CBS Sports begins its 66th consecutive season covering the PGA Tour with only its fifth lead analyst in Trevor Immelman and one of its busiest years, with 11 of the 17 “elevated” events with the biggest names.
It starts in prime time on Saturday night from Torrey Pines, an early finish to avoid the NFL conference championship games. Jim Nantz will call the action from Kansas City, Missouri, where CBS is televising the AFC title game.
And for the first time, CBS will have the entire FedEx Cup playoffs as part of an alternating schedule with NBC. CBS, which for years has carried the most tournaments, this year will have 23.
“It feels a little different, like having more light shining on it,” Nantz said. “Twenty-three in ’23. We’ve never had the full playoffs. You take our two majors (Masters and PGA Championship) and 11 of our 23 events are going to have magnificent fields. I think it’s going to be a blast.”
This week at Torrey Pines, @TrevorImmelman makes his debut as CBS’ lead golf analyst.
In the fun fact department, Immelman won the U.S. Amateur Public Links 25 years ago at Torrey Pines. Beat Jason Dufner in the final. Immelman won his 3rd-round match, 9 and 8. pic.twitter.com/jqpNyFeOUX
— Sean Martin (@PGATOURSMartin) January 23, 2023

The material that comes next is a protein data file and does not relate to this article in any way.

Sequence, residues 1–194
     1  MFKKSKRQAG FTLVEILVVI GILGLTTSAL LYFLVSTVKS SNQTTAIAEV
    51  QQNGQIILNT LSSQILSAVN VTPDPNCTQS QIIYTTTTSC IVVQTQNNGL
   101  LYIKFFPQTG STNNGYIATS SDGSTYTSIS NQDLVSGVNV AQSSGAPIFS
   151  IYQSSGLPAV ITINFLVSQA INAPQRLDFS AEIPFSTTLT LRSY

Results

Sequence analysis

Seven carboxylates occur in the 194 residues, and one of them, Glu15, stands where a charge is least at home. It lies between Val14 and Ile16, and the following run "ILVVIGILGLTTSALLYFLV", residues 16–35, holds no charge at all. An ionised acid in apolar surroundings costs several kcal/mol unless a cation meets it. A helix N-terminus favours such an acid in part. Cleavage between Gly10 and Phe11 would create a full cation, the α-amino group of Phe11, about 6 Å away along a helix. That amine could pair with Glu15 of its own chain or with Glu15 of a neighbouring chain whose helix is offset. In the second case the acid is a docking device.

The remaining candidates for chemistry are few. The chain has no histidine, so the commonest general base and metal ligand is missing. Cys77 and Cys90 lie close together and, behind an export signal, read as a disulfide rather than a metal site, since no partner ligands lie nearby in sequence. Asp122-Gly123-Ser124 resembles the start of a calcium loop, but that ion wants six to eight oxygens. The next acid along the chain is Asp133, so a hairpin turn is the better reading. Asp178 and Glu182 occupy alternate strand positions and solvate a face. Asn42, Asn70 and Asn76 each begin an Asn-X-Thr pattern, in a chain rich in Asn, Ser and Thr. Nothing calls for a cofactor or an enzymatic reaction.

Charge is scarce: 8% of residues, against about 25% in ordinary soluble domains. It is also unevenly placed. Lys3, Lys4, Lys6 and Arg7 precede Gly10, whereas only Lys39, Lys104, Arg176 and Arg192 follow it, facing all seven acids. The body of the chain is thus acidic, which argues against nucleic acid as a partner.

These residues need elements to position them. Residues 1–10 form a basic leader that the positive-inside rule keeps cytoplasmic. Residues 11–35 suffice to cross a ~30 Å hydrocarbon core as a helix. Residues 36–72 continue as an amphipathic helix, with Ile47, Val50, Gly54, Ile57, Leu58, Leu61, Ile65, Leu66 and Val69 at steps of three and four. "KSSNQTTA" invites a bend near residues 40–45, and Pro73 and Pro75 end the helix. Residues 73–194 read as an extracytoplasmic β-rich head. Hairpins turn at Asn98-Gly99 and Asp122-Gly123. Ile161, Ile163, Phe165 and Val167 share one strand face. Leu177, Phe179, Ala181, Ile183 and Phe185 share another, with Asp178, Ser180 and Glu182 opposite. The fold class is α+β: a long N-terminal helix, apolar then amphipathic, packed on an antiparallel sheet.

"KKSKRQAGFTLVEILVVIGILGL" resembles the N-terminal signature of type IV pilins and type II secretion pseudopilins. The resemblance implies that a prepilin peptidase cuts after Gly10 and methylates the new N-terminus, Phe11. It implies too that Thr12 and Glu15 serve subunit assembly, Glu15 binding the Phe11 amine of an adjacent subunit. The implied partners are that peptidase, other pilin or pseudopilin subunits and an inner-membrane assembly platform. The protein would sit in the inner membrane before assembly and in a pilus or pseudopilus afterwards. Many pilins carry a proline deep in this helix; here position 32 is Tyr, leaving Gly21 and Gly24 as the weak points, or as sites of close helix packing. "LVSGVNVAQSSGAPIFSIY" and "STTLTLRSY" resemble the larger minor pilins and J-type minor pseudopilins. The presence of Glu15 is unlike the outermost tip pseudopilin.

That means 12 of the 23 will have the best of the rest, though Torrey Pines has Jon Rahm in his pursuit of a third straight win, plus Justin Thomas and Collin Morikawa in his first start since losing a six-shot lead at Kapalua.
Sellers Shy, the lead golf producer for CBS Sports, points to the Wyndham Championship.
“We’re bullish on this opportunity,” Shy said. “One of the big storylines that came out of last year was Tom Kim, who surfaced at the Wyndham Championship. We’re also fortunate enough that designated events are spread through the year. We’re seeing some players at standard events have a chance to showcase themselves.”
Immelman takes over for Nick Faldo, who retired. The 2008 Masters champion got started last year. This will be his first full season and it makes him the youngest lead analyst in CBS history at age 43.
“I think he and Jim are going to be contemporary, animated and have opinions,” said Sean McManus, chairman of CBS Sports.